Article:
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Sep 29th
Home Community General Community NANAY Receives Funding for Foreclosure and Loan-Rescue Scam Outreach
NANAY Receives Funding for Foreclosure and Loan-Rescue Scam Outreach PDF Print E-mail
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Communities - General Community
Written by NANAY Press Office   
Wednesday, 29 December 2010 09:45


D ateline Miami, Florida, Dec. 29, 2010 – The National Alliance to Nurture the Aged and the Youth (NANAY) recently got approved to receive a $10,000 grant from the National CAPACD (Coalition of Asian-Pacific Americans for Community Development) for marketing and community outreach to assist families at-risk of foreclosure and loan rescue scams in Florida. The funding is being provided as a result of the 111th United States Congress recognizing Florida as one of the top ten "hardest hit" areas in the nation for loan rescue scams.


More particulars can be found in the NANAY website at


Six Things (Red Flags) People Should Know About Scammers


S cams aren't always easy to spot – but it helps to know the warning signs to look for. Here are six red flags to indicate that you may be dealing with a loan-modification scammer:


1. A company/person asks for a fee in advance to work with your lender to modify, refinance or reinstate your mortgage. They may pocket your money and do little or nothing to help you save your home from foreclosure.


2. A company/person guarantees they can stop a foreclosure or get your loan modified. Nobody can make this guarantee to stop foreclosure or modify your loan. Legitimate, trustworthy HUD-approved counseling agencies will only promise they will try their very best to help you.


3. A company/person advises you to stop paying your mortgage company and pay them instead. Despite what a scammer will tell you, you should never send a mortgage payment to anyone other than your mortgage lender. The minute you have trouble making your monthly payment, contact your mortgage lender.


4. A company pressures you to sign over the deed to your home or sign any paperwork that you haven't had a chance to read, and you don't fully understand. A legitimate housing counselor would never pressure you to sign a document before you had a chance to read and understand it.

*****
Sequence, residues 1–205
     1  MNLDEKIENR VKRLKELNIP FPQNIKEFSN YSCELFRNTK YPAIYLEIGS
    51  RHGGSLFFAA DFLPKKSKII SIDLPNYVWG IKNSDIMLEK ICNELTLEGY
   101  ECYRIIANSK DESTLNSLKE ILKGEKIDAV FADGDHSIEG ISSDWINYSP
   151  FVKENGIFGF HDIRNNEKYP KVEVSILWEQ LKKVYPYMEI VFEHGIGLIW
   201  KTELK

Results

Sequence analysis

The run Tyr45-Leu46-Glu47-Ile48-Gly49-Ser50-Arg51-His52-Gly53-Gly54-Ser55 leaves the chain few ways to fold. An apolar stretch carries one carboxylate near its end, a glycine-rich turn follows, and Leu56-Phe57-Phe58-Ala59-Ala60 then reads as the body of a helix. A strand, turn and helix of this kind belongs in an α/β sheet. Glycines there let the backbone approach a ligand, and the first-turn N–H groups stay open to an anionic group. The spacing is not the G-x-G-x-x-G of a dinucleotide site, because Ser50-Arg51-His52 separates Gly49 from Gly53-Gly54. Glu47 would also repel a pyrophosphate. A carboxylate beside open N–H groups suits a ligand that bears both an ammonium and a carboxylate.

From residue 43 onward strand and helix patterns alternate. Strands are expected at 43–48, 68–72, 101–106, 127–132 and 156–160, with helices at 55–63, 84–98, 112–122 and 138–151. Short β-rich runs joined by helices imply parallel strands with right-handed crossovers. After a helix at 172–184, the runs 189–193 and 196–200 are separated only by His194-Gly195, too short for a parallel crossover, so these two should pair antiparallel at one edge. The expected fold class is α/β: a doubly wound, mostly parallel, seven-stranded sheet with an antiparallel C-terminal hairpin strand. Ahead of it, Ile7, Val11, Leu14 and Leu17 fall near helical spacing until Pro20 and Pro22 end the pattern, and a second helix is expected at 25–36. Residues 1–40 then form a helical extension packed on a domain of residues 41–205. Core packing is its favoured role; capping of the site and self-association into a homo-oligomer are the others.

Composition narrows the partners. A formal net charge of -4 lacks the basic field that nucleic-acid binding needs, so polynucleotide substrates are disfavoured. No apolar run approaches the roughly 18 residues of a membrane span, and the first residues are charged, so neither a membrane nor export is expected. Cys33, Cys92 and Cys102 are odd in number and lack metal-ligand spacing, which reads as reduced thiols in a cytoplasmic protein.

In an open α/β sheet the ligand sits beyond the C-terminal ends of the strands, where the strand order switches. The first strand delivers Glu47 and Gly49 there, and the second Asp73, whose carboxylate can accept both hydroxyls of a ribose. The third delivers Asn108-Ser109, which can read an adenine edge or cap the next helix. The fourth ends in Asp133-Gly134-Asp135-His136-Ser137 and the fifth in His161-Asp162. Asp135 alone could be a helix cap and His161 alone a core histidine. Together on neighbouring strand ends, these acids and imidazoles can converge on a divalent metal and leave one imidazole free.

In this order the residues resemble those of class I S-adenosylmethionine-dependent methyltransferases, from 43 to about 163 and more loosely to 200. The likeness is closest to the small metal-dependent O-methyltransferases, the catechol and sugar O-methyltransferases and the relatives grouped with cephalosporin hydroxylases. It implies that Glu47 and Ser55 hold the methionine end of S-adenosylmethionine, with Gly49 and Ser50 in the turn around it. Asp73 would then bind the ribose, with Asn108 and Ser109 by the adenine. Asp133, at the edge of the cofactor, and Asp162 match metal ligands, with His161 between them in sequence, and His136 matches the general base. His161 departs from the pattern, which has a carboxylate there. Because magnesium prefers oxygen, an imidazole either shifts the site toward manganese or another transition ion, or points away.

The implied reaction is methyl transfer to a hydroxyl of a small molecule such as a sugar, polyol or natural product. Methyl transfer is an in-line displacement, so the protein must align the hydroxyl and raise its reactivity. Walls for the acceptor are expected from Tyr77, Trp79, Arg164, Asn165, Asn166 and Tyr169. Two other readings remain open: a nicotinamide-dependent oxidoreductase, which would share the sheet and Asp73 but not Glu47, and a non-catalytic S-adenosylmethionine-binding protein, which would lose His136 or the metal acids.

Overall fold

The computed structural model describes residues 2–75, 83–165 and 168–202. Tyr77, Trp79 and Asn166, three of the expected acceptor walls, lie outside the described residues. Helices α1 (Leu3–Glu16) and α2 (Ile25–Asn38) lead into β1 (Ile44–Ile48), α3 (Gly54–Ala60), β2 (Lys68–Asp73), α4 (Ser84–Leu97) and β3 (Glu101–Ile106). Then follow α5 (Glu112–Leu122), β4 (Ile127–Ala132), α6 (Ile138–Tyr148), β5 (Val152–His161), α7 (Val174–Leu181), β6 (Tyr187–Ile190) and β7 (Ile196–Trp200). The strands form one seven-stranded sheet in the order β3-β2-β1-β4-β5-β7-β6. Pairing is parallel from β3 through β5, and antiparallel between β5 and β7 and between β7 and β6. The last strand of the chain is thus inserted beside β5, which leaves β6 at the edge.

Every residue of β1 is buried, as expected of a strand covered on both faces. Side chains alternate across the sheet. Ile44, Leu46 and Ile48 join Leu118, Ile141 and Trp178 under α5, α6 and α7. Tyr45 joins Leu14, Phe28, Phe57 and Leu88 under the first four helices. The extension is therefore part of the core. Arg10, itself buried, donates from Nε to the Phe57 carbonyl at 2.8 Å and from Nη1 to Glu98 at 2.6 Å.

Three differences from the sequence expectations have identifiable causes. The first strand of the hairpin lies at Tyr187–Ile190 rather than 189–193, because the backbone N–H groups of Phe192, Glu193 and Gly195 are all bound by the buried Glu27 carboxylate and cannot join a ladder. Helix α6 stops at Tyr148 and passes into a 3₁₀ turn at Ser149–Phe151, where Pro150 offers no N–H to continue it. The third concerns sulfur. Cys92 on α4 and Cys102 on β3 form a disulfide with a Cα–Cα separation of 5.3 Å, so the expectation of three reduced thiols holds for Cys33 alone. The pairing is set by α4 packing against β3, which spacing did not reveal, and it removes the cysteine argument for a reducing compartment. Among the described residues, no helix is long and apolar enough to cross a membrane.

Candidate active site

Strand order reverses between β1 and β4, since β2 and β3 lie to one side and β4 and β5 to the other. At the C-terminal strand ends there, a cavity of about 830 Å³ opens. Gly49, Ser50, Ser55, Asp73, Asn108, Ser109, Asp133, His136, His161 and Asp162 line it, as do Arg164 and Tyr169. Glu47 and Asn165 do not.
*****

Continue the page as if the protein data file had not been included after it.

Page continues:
5. A company claims to offer "government-approved" or "official government" loan modifications. They may be scam artists posing as legitimate organizations approved by, or affiliated with, the government. Contact your mortgage lender first. Your lender can tell you whether you qualify for any government programs to prevent foreclosure. And, remember, you do not have to pay to benefit from government-backed loan modification programs.


6. A company/person you don’t know asks you to release personal financial information online or over the phone. You should only give this type of information to companies that you know and trust, like your mortgage lender or a HUD-approved counseling agency.


Common scams include private attorneys and individuals "guaranteeing" homeowners they can stop the foreclosure process if the homeowner pays them upfront for their services.  Once the payment is received the homeowner rarely, if ever, hears from the attorney or individual again.

Individuals who have been victims of loan rescue scams or are at-risk of foreclosure may contact NANAY at (305) 981-3232 or any Department of Housing and Urban Development certified foreclosure-counseling agency in their area to receive free assistance. # # #



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Comments (1)
1 Thursday, 03 February 2011 17:12
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